Household Chemicals May Show Up in Blood
Study by Environmental Group Shows Toxic Chemicals End Up in Blood Samples
WebMD News Archive
Tiffany Harrington, a spokeswoman for the American Chemistry Council, would not comment on the study itself but did issue a statement that reads in part: "The American Chemistry Council supports science-based biomonitoring programs and the responsible and appropriate communication and use of biomonitoring information in assessing the potential risk posed by exposure to chemicals. However, biomonitoring provides only a snapshot of substances present in the body at a single point in time."
Biomonitoring is defined by the CDC as the direct measurement of exposure to a toxic substance by examining the substances themselves or their metabolites in human blood or urine samples.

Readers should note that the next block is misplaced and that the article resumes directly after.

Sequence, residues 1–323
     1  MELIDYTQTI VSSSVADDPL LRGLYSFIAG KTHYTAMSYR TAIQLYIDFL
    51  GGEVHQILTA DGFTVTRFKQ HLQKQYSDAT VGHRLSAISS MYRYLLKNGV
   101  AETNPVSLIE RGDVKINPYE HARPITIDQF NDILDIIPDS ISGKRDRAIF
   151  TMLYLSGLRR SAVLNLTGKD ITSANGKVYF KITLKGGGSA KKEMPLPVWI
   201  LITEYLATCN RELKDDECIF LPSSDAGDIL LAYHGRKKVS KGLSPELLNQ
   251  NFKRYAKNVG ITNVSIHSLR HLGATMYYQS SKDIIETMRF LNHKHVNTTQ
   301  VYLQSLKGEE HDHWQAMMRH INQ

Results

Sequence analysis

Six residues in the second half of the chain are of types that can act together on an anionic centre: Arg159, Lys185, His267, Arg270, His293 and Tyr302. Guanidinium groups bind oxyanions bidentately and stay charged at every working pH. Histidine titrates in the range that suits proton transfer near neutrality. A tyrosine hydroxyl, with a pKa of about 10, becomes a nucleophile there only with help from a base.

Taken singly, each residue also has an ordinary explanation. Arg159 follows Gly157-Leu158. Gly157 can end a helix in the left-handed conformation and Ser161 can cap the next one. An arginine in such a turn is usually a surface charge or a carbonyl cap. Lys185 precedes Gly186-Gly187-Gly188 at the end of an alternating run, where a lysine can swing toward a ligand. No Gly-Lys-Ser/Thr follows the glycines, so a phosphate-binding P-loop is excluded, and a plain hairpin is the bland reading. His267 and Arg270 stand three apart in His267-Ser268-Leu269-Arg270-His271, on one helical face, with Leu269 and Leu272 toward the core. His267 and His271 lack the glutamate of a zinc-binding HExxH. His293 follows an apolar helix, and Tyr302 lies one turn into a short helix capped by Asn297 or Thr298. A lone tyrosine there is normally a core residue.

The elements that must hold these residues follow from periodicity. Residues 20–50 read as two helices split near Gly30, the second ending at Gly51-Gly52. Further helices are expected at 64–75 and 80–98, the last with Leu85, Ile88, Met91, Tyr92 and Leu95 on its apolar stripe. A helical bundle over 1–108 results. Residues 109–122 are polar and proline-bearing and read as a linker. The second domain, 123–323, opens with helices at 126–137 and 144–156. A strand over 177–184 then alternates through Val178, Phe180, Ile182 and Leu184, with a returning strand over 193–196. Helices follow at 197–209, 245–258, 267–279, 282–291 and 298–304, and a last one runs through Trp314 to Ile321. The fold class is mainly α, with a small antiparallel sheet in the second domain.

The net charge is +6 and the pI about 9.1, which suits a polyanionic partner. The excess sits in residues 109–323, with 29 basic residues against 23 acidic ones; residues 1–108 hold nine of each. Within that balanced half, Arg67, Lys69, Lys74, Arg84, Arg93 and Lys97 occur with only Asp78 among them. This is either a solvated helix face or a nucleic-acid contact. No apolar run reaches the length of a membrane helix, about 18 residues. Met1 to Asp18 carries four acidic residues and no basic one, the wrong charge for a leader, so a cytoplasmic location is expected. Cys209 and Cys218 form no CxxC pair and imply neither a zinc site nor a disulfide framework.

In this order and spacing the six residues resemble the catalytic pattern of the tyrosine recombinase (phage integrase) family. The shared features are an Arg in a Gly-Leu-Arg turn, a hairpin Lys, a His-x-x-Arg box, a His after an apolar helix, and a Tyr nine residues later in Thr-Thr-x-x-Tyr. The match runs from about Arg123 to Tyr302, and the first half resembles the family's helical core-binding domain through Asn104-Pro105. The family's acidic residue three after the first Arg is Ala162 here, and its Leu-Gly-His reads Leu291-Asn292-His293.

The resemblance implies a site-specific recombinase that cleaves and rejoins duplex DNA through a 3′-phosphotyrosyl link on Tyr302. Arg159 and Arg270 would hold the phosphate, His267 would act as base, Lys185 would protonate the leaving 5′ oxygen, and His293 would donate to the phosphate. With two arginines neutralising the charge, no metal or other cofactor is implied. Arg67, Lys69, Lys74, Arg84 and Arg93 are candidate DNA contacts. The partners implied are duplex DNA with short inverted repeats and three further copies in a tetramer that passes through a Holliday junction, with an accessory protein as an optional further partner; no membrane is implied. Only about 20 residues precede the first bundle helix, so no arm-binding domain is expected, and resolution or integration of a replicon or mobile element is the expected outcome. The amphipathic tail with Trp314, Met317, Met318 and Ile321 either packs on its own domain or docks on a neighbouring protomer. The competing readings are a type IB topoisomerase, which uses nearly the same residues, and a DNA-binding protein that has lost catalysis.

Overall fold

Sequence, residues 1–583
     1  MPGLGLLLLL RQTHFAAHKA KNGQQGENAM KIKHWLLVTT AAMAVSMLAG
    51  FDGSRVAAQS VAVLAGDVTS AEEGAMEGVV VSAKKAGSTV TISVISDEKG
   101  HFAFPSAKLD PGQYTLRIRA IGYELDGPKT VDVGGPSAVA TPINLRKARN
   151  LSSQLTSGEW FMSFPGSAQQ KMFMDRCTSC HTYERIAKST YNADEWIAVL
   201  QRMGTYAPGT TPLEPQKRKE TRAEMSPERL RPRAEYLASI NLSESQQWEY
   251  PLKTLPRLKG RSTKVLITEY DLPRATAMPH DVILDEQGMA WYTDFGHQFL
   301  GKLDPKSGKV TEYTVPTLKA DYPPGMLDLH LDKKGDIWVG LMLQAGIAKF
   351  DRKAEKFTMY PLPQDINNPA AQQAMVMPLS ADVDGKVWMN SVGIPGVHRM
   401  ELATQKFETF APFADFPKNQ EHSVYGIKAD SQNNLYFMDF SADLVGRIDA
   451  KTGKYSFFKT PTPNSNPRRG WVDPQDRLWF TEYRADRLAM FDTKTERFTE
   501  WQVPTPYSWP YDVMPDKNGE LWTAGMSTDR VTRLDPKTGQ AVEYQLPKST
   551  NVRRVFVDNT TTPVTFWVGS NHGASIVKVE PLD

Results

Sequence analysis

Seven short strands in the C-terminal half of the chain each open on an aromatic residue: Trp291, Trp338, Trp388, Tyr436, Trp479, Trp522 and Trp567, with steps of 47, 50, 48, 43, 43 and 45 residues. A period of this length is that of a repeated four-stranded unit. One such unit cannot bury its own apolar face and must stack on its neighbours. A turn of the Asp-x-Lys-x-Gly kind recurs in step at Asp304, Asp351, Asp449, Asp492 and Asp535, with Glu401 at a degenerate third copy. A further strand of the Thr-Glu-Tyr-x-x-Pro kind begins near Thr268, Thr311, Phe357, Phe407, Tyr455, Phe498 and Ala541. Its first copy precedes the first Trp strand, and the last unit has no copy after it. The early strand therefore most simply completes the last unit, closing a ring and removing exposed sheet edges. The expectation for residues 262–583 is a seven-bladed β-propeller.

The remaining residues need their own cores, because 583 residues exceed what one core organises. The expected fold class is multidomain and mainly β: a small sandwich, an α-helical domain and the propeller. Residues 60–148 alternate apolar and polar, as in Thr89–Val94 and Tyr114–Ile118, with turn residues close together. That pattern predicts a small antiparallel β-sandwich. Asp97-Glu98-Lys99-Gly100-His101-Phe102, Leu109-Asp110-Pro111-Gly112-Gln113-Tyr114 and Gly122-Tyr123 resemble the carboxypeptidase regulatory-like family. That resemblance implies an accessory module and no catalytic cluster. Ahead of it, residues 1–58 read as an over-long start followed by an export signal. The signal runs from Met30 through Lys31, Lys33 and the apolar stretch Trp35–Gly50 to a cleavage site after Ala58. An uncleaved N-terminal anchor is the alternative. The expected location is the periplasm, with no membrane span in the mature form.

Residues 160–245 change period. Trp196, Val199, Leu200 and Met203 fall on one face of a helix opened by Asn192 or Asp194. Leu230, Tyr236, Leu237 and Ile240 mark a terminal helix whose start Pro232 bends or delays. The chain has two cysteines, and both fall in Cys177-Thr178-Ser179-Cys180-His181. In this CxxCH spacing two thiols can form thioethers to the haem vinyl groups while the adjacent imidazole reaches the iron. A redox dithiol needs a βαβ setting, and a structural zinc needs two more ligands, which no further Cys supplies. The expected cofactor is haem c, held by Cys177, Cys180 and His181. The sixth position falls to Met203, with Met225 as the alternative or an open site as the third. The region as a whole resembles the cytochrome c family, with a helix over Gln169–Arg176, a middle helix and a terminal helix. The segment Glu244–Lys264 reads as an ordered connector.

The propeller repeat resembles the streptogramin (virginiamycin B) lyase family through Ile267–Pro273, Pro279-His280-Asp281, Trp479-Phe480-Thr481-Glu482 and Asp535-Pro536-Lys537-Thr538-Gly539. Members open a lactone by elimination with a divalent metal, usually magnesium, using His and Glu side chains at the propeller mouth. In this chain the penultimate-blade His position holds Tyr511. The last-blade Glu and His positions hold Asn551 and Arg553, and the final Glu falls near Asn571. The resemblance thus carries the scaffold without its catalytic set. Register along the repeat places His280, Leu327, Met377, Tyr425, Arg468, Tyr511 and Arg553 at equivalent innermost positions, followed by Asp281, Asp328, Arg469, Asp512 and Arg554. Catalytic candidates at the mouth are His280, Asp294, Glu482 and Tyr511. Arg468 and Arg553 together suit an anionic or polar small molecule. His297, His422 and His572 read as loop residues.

The statement from American Chemistry Council continued: "It does not tell us where a substance came from, when the exposure to the substance occurred, or the duration and frequency of exposure. The presence of a substance detected by biomonitoring is not, on its own, an indicator if there will be any health effects."
The group does support modernization of the Toxic Substances Control Act, she says.
Jacob notes that health trends in the U.S. suggest that the chemical load plays a role, citing growing rates of autism spectrum disorder, diabetes, and certain cancers.
"These chemicals are showing up in people. They can be potent at very low levels of exposure; we know that from animal studies."
While the rising number of chronic diseases has many roots, she says, the increased exposure to chemicals is one factor.